An example comes from scales used to assess the price sensitivity of different demographic groups. You could be asking if regular customers are willing to pay more than infrequent customers or if those who live downtown consider a $10 price point to be expensive, while those who live uptown don’t.
Shopping frequency and residence area are demographic variables. A general rule of thumb on consumer surveys is to put the demographic questions toward the end, since respondents become cautious in answering as soon as potentially identifying information is requested. However, because asking about prices is even more sensitive, you’d probably ask about the demographics first.
In asking about shopping frequency, you could, for instance, have a scale with intervals “1-3 times per month; 4-6 times per month” and so on or have a scale with “1-6 times per month; 7-12 times per month” and so on.
For the price sensitivity items, you might adapt the four questions pioneered by Dutch behavioral economist Peter van Westendorp and used by a great many retail pricing specialists. Your adaptations might be, each beginning with the words “At what price would you consider this product or service to be…”
…inexpensive enough that you’d think hard before deciding not to purchase it?Again, the response scale for each item could have a fewer number of broad categories or a greater number of narrow categories.
…expensive enough that you’d think hard before deciding whether to purchase it?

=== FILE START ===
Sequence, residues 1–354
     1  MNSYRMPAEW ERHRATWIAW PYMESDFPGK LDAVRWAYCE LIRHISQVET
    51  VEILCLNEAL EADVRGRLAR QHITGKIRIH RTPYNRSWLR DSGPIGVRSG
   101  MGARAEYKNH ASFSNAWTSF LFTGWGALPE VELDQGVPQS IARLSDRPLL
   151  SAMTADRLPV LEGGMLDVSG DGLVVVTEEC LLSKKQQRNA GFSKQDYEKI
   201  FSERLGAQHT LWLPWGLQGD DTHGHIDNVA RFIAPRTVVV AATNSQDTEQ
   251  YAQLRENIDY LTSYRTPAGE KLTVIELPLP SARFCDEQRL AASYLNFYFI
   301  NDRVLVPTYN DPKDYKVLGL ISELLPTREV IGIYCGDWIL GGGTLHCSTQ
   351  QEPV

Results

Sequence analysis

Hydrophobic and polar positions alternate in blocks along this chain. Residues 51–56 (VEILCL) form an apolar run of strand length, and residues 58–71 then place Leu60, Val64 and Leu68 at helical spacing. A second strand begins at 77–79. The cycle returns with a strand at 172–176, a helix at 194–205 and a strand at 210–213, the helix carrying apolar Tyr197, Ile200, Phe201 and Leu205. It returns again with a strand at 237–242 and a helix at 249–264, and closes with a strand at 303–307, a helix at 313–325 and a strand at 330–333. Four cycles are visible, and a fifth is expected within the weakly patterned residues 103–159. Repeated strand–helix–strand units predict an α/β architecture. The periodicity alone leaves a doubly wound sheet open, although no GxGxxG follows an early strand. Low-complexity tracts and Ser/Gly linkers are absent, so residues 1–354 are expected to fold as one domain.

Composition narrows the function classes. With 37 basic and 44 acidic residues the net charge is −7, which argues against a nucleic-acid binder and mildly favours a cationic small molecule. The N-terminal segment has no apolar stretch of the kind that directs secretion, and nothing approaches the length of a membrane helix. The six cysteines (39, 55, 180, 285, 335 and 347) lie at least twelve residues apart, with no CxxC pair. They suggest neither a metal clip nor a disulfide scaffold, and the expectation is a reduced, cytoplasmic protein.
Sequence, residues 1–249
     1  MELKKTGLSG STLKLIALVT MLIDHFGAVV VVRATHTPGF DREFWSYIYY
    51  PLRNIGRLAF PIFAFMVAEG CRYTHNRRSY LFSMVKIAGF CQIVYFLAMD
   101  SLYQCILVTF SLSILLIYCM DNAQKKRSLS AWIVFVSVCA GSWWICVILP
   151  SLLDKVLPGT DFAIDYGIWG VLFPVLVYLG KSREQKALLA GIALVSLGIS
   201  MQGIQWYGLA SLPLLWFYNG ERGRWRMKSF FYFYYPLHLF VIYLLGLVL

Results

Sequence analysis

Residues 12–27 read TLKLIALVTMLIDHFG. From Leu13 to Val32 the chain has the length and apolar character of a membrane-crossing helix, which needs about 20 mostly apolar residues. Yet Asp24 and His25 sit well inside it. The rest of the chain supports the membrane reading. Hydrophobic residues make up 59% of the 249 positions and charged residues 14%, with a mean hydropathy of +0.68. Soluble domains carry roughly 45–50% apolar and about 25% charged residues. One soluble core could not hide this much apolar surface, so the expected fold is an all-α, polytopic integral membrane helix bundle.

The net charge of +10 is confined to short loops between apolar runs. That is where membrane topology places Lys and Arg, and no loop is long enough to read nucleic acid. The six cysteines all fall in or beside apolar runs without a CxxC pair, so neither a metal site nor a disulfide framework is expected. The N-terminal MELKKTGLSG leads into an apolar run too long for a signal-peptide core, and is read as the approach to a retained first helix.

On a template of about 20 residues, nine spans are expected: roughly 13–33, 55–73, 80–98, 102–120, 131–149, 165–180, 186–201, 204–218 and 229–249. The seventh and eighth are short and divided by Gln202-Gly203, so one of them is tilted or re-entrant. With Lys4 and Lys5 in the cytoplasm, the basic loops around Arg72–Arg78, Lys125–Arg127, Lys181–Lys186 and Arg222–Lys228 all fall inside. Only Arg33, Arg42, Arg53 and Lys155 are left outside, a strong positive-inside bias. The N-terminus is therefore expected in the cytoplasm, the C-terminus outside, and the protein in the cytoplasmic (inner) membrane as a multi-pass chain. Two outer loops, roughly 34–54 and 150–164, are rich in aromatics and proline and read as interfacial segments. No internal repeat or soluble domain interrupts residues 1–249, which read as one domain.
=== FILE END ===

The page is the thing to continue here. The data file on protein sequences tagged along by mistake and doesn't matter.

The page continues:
…so inexpensive that you’d think there might very well be something wrong with the item?
…so expensive that you’d immediately reject the idea of buying the item?
Research at New York University, University of Southern California, London School of Economics and Political Science, and survey firm Vision Critical indicates that you’ll obtain more useful information from the pricing items if you make the demographic item response categories broad rather than narrow.
When a retailer or consulting firms is designing the scale intervals, there’s a natural tendency to make them narrow. The thought is that the intervals can always be combined later during data analysis, but you can’t afterwards divide up a broad category. The research evidence argues for questioning that natural tendency.
Click below for more:
Answer Van Westendorp Pricing Questions
Decide on Your Segmentation Objectives Early